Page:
Arriving in San Francisco, the First Lady was so weak she had to be bodily lifted into a wheelchair.
The President intended to keep all his scheduled appearances in San Francisco and treated his wife’s condition with optimism for a full recovery.
As the First Lady began to worsen, however, he began to curtail his schedule.
From Clay and Laguna, with more than half of his Cabinet there with him, he used an office suite of Scott’s in the house to conduct what national business he could manage to focus on.
He also used Scott’s stationary to hand-write notes to friends and relatives updating them on the true condition of the First Lady, which was far worse than what the press was told.
Crowds began to gather, along with the White House press corps which had been part of the presidential party. He never indicated anything but optimism about his wife’s condition.
Delegations of Chinese-Americans, Italian-Americans and German-Americans stopped by the house to present declarations of prayers and floral arrangements for the First Lady.
The President occasionally came outside to take some air by strolling around the perimeter of Lafayette Park.
He also continued to make a few appearances, skipping a long dinner, for example, but reviewing a parade on Market Avenue, taking a carriage ride through Golden Gate Park and speaking to Spanish-American War veterans at the Presidio.
Most of the time, however, he remained at his wife’s bedside holding her hand. She went in and out of consciousness.
What had been a situation of cautious optimism had now grown to one of extreme alarm.
Soon, not only the entire nation but the entire world was focused on the San Francisco White House at Clay and Laguna, with telegrams arriving from foreign heads of states and the diplomatic corps.
Ida McKinley’s temperature rose to 104 degrees. She had a sudden “sinking spell,” meaning a dramatic drop in her pulse. She became entirely comatose.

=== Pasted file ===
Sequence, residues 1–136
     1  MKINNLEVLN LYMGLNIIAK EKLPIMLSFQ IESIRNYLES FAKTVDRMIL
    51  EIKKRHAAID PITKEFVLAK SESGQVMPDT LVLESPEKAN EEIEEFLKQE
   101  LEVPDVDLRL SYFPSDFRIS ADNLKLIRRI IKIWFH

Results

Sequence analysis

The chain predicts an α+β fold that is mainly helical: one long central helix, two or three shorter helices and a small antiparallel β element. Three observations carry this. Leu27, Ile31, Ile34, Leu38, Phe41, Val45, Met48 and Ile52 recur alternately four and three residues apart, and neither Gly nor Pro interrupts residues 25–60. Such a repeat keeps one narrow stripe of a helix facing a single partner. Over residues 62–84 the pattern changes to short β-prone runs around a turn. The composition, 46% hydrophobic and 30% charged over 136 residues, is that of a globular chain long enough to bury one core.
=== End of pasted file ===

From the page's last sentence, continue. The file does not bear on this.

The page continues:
As fog hung low over the city into the wee hours, the silhouettes of nurses moving through the sick room, were reported by journalists staying up all night.
Under the headline, “At Death’s Door,” the Washington Star reported on Thursday, May 16 that, “Mrs. McKinley is slowly dying unless all human knowledge is at fault. There is not one chance in a hundred that she will recover and be taken back to Washington alive.”
And later that morning, as word spread through San Francisco that the First Lady had indeed died, flags were lowered in the city to half-mast.
Except that she hadn’t died although in less than four months from that day, her husband would be the one “not…taken back to Washington alive,” killed by an assassin’s bullet.
By that time, the world, the country, and even California soon forgot that for thirteen days, San Francisco was the headquarters of the nation’s executive branch of government, with a President and First Lady taking up residence there.
In this first year of the new century, the age-old proprieties about maintaining a woman’s privacy on matters of health and body were rapidly disintegrating and the media, on behalf of the public, was demanding to be kept informed of the truth regarding the First Lady’s health.
For the first time the detailed narrative of this previously untold but dramatic chapter of presidential history is revealed in the new biography Ida McKinley: The Turn-of-the-Century First Lady Through War, Assassination and Secret Disability, which can be purchased here.
- A First Lady Survives Presidential Assassination Plus Rare Funeral Images (carlanthonyonline.com)
- The Never-Was McKinley Kittens (Part 4) (carlanthonyonline.com)
- Living with Disability in the White House & The Napkin-Covered Face Myth (carlanthonyonline.com)
- The White House “Lost Girls” Ghosts & Their Presidential Policy Influence (carlanthonyonline.com)
- What Is Google Building Out in San Francisco Bay? (curiosidadesnainternet.com)
- The Remnants of McKinley’s Canton, Ohio: Photo Gallery (carlanthonyonline.com)